4. Entrepreneurship can tackle inequalities.

Entrepreneurship has done a lot to increase inequality. The richest people tend to be great innovators like Elon Musk and Jeff Bezos, whose rewards are not proportional to anyone’s achievements. But it is part of the engine of capitalism. To get people to save money and invest in risky ventures, you have to give them the potential for high returns. At the same time, entrepreneurs can undermine worrisome inequalities that stem from government privilege. In inequality he has three kinds. Inequality arising from wealth, income, and special privileges often enacted by governments.

“The entrepreneurial drive can take away monopolies and all kinds of privileged positions.”

Without entrepreneurship, you will seek progress from big government-backed big companies. It ends up leading to nepotism, where favors (subsidies and protection) are given to certain companies, making them socially more valued than we are. By keeping entrepreneurs and citizens opposed to government support, we prevent government-driven inequalities that harm society.

That also applies to monopolies. Some companies may become so big and powerful that the government may need to fold their wings, but entrepreneurs have a much better way to overcome monopolies than government intervention. Atlantic & The Pacific Tea Company (A&P) grocery chain innovated and became the dominant grocery store chain in the early 20th century, forcing thousands of small grocery stores out of business in towns across the country. These grocers and their suppliers sought help from state and federal officials, but A&P’s actions were given only minor restrictions. What really knocked A&P down was the next wave of grocery innovation: supermarkets. It was the innovators who won the customers and put A&P out of business. In this way, the entrepreneurial drive can usurp monopolies and all kinds of privileged positions.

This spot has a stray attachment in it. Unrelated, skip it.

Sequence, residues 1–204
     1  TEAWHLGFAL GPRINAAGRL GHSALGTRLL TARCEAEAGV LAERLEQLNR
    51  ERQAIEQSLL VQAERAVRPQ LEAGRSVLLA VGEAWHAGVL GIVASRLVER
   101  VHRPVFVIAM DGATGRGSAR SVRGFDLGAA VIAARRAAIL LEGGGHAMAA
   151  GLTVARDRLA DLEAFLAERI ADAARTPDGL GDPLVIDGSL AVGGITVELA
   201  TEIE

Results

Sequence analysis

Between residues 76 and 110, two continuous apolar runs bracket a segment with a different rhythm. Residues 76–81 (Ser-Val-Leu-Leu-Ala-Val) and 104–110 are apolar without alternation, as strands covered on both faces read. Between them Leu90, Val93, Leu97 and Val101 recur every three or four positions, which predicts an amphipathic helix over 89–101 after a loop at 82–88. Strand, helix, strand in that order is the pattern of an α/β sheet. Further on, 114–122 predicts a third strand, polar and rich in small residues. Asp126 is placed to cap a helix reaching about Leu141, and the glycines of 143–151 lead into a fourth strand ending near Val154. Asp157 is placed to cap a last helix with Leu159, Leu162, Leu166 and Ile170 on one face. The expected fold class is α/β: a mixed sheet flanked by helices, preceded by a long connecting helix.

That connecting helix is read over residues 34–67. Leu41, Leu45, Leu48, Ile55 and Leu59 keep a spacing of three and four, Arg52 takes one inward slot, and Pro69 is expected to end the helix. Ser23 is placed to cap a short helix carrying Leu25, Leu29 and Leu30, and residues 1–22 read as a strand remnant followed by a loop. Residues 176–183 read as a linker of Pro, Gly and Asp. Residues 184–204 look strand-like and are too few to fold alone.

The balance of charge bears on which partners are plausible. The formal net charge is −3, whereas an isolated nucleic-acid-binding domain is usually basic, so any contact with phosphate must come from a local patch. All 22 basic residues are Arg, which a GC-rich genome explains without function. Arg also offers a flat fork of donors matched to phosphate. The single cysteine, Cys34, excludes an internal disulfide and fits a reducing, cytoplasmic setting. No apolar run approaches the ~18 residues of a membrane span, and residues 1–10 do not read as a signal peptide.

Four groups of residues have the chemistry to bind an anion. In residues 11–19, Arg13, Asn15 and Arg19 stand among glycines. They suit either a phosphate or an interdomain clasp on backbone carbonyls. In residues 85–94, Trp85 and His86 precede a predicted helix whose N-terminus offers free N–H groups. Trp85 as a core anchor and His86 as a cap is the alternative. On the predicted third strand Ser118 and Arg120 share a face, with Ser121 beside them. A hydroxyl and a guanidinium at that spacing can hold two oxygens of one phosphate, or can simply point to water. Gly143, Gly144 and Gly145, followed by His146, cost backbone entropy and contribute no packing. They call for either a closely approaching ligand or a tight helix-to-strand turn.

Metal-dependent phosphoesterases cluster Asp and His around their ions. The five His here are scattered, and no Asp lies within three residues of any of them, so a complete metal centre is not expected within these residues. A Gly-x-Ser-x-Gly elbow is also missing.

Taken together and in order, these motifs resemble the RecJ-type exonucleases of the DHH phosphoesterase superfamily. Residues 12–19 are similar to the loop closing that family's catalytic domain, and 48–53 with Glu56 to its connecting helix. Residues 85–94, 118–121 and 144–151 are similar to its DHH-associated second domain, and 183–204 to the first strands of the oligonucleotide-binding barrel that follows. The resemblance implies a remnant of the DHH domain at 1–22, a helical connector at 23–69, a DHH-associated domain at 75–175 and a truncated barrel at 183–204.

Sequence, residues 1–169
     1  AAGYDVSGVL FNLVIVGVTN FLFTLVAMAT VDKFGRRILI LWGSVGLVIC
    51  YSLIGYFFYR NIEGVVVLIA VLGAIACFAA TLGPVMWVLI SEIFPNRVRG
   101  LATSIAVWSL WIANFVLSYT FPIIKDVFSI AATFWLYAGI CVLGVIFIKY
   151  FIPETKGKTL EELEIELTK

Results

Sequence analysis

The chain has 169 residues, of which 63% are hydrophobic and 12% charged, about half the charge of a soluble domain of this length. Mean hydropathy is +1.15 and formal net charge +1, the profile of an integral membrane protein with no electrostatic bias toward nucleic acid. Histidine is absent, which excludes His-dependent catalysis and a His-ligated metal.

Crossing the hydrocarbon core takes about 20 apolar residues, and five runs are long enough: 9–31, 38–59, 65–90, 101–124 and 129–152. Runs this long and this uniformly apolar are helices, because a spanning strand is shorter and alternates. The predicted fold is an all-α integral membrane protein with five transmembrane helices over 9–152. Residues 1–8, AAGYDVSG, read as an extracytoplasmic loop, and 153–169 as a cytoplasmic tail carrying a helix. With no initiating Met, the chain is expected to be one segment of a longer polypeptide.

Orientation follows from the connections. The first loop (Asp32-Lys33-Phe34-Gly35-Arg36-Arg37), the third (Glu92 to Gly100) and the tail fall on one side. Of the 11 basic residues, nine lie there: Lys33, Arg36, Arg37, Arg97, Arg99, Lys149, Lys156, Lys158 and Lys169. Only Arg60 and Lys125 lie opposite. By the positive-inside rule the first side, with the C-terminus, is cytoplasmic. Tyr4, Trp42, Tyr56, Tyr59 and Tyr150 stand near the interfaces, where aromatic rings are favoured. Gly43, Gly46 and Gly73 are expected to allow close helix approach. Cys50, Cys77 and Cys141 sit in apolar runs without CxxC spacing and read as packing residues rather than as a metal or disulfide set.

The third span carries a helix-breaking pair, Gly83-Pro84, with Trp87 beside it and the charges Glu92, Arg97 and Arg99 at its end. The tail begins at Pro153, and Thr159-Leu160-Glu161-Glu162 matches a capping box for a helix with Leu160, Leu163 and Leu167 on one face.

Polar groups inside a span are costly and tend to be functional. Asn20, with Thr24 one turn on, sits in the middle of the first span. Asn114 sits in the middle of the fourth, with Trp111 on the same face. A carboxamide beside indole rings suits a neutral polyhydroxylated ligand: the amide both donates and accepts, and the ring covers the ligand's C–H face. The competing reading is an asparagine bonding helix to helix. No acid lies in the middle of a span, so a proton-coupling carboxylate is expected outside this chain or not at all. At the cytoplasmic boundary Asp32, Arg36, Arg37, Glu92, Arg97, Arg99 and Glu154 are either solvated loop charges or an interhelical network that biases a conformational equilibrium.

5. Entrepreneurship can tackle climate change.

Entrepreneurs have destroyed the environment in many ways over the centuries. Aggressive steelmakers like Carnegie polluted Pennsylvania’s air, land, and water. But we can embrace the same drivers of creativity and risk-taking that have led these companies to minimize and protect against climate change. Governments can help infrastructure that forces companies to pay for pollution, but climate change is such a big problem that radical innovation is needed. It’s not enough to come up with a good idea in a university lab. We need entrepreneurs to invest in that idea, test it in the market, and scale it.

“Leveraging entrepreneurs to commercialize their innovations and drive change in the marketplace can be a key catalyst for solving some of the most pressing issues in the climate change arena.”

Let’s take a look at the history of electric cars. For decades, the federal government tried to get major auto companies to invest in this technology, but the EPA’s fuel economy requirements weren’t enough. There was incremental progress until an entrepreneur (Elon Musk) and his startup (Tesla) finally made electric vehicles attractive to consumers. He took a more radical approach to promoting electric vehicles, backed by government subsidies to make the purchase a little more affordable.

Modifications of the seismic platform can be brought to market through this paradigm. New innovators are more likely to enter the market, forcing big companies to change. Big companies won’t do it unless their competitors force them to do so. Leveraging entrepreneurs to commercialize their innovations and bring about change in the marketplace can be an important catalyst for solving some of the most pressing problems in the climate change arena.

To hear the audio version read by co-authors John Landry and Howard Wolk, download the Next Big Idea app today.

Hear Key Insights with the Next Big Idea App